Andrew Sparrow is chasing a rumour that Shriti Vadera, a trusted loyalist Brownie is quitting. HMS Gordon Brown will be like the Marie Celeste at this rate. Although credible rumours abound that Alastair Campbell will be joining the ship for the election campaign. No doubt bringing his moral compass with him…
Obama swerved no fewer than five requests from Downing Street to hold a bilateral meeting either at the UN in New York or at the G20 summit starting in Pittsburgh today. Obama himself was in New York to deliver a speech to the UN. Brown’s own speech to the UN was delivered to a half-empty auditorium.
Brown is paying a price for encouraging the release of the Lockerbie bomber…
UPDATE : Downing Street is denying the story and briefing that the two leaders had already had one “wide-ranging discussion”. Here is where it gets comical. The “wide-ranging discussion” appears to have taken place in a kitchen at the UN.
Guido thinks it might have gone something like this:
Gordon: Mr President could you pass the salt?
Barack : Sure. How is Tony?
Gordon : He’s fine I imagine. Nice weather you are having for this time of year.
Barack : Gotta go. Enjoy your tofu. Tell David I’ll see him next year. See you in Pittsburgh.
UPDATE II : Despite invitations to all, only one American banker turned up to a meeting with the man who “saved the world” and the global banking system. How ungrateful of them.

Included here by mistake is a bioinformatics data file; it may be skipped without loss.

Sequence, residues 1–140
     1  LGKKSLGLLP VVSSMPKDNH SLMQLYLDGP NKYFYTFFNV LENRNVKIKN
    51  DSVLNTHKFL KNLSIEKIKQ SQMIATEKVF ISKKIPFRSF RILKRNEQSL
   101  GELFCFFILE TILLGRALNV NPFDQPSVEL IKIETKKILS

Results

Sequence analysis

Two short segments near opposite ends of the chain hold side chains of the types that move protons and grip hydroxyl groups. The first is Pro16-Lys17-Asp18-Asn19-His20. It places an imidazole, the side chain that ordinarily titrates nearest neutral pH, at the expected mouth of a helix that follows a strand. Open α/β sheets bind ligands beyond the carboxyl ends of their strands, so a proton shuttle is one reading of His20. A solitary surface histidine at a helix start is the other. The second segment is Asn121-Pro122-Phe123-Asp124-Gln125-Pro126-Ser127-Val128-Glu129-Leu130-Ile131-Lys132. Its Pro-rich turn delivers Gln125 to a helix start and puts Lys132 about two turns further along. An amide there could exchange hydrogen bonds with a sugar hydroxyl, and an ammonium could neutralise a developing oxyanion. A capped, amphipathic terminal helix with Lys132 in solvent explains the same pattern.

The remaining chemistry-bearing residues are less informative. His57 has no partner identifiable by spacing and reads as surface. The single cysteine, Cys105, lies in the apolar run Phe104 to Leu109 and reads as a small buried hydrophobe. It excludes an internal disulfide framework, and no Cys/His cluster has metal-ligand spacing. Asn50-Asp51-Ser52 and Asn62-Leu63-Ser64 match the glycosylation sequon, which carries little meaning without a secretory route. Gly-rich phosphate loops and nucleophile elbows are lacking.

Rumour going around that the first Gordon knew about this resignation was live on BBC Radio Five:
10 Downing Street
23 September 2009
Dear Gordon Brown
It is with considerable personal regret that I find myself writing to inform you of my decision to resign my positions as PPS to several ministers, principally the Solicitor General.
My decision comes about because as an aide to the Law Officers, whilst I have great personal regard for the Attorney General, I cannot support the decision which allows her to remain in office.
In my view the facts of the case do not matter. It is the principle which counts, particularly at a time when the publics’ trust of Whitehall is uncertain to say the least. We have to be seen to be accountable.
In addition, could I just mention matters of policy where I believe leadership is vital.
On the constitution: We must legislate to offer a referendum on how we elect Members of the House of Commons. We must finish off reform of the House of Lords. Generally, I would urge you to move as quickly as possible to withdraw from Afghanistan and to signal a change in our position over Trident replacement.
Finally, on the economy, the Government is to be congratulated upon its clear-sighted and effective response to the downturn. You have my continued support in your resistance to David Cameron’s myopic and siren calls for an “Age of Austerity”. My constituents benefit greatly from using our much-improved public services and they would not wish to see these jeopardised nor have our continued economic recovery put in doubt.
With best wishes
Stephen Hesford MP
Lord Mandelson — who knows a thing or two about being sacked from the cabinet in the middle of a front page scandal — says of the Baroness “You have to inform yourself properly before rushing to judgment. That’s what the Prime Minister has done…”
The graphic above shows how the New Statesman has lost ground over the last two years. With the paid-for print circulation now in the low teens of thousands it has only a quarter of the Spectator’s paid-for circulation. Online the advantage the magazine enjoyed when it was ahead of the game has now evaporated. It was at one time one of the better online political websites and despite a recent revamp it has continued to lose ground. “Why?” is the question the new owner Mike Danson must be asking himself.